We can’t sail across the ocean and discover a new world today the way Christopher Columbus did back in 1492, and few if any of us will ever get a chance to travel through outer space seeing new planets. However, each of us can experience the thrill of the explorer as we discover the fascinating world of nature around us.

To guide you on your journey, I would like to present this selection from the more than one hundred “Young Naturalist” articles that originally appeared in Texas Parks & Wildlife magazine, the monthly publication of the Texas Parks and Wildlife Department. Each article in the series is a compilation of information from encyclopedias, nature writings, biologists’ comments, and personal experiences and observations. They are presented in what I hope is an easy-to-read, easy-to-understand style. I have tried to tailor my writing for the fifth- to seventh-grade level, yet still attract the more adult reader. If the mail received during the past ten years gives a reliable estimate, the “Young Naturalist” may have managed to attract as many adults as children.

You are never too young or too old to explore the world of nature. Anyone can be a young naturalist, regardless of age. All you need is a large helping of curiosity; the desire to know more about your surroundings and the creatures that share them; and perhaps, in the case of a very young naturalist, the help of someone older who cares.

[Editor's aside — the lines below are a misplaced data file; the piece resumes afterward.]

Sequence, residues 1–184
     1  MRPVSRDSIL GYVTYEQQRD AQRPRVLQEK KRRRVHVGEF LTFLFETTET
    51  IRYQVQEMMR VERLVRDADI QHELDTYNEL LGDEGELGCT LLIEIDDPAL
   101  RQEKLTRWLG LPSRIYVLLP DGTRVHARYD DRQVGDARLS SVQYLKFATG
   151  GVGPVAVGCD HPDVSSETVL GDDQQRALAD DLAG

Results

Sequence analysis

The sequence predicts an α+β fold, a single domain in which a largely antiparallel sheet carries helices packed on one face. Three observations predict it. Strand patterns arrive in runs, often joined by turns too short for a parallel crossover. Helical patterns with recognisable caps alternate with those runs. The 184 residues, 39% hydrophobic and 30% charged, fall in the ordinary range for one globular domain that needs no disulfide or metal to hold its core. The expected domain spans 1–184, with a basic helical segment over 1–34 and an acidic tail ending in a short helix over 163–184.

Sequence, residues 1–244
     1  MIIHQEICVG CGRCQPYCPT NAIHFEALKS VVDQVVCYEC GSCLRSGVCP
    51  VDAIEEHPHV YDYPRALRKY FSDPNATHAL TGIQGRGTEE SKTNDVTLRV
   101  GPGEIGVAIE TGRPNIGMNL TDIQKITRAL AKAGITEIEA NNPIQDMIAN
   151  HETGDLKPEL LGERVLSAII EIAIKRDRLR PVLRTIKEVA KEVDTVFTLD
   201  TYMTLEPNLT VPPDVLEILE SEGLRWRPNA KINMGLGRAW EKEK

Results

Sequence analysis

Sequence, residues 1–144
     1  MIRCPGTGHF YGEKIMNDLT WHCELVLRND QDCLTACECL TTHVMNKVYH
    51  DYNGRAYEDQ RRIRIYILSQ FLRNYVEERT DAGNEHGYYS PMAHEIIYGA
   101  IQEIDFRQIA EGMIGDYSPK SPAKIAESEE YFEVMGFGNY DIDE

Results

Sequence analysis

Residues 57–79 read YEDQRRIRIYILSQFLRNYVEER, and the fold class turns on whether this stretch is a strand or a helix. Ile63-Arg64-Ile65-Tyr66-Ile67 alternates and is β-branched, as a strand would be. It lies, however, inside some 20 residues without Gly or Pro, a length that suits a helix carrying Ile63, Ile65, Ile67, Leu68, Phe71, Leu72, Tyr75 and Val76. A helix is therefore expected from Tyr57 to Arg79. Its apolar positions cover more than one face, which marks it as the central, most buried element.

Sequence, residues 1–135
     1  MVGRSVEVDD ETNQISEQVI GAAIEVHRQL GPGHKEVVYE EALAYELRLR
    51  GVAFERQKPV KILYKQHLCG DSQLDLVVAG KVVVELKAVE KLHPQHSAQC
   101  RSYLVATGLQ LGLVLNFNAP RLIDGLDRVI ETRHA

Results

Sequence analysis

Many of the ideas for the “Young Naturalist” features come from an overactive childhood curiosity I never managed to outgrow. Others were a direct result of “Why, Mommy?” questions my inquisitive and now grown son has asked through the years. The magazine stories were an attempt to answer a few of the questions children ask about nature, but for which too few receive answers. These questions may have remained unanswered even into adulthood—a time when we often are too embarrassed to admit we don’t know the answers.

Have you ever wondered how long certain animals live, how fast they can run or fly, how long they sleep, whether they dream, or how they bathe? Do you know what the terms warm-blooded and cold-blooded mean and how they affect an animal’s life? Do you know what an albino is or what causes eye-shine? Are your curious about how animals communicate? You’ll find the answers to these and other questions in the “Animals” section of this book.

Are you curious about plants? A journey through the “Plants” section will help you understand how and why leaves change colors, what plant galls are, how seeds grow, why poison ivy makes you itch, and why pollen makes you sneeze. You also can take a closer look at tree bark, learn how lichens help create soil, enjoy the seldom seen “frost flowers,” marvel at the ocean’s gifts of sea-beans, and learn how to press algae artistically.

Thumb through the “Earth Sciences” section to learn how the colors of a rainbow are formed, what causes lightning, where clouds come from, what causes the tides, and how snowflakes, rain, hail, sleet, and glaze occur. You also can learn about shooting stars (meteors), geodes, and nature’s amazing crystals.

The outdoors is like a giant classroom, but it is our responsibility to understand the lessons being taught. Let the “Young Naturalist” be one of your teachers. It the Texas Parks & Wildlife magazine articles contained in this book stimulate your curiosity enough to make you want to know more, they will have accomplished their purpose.

--Ilo Hiller

Additional Information:

Ilo Hiller
1983 Preface. Young Naturalist. The Louise Lindsey Merrick Texas Environment Series, No. 6, pp. ix. Texas A&M University Press, College Station.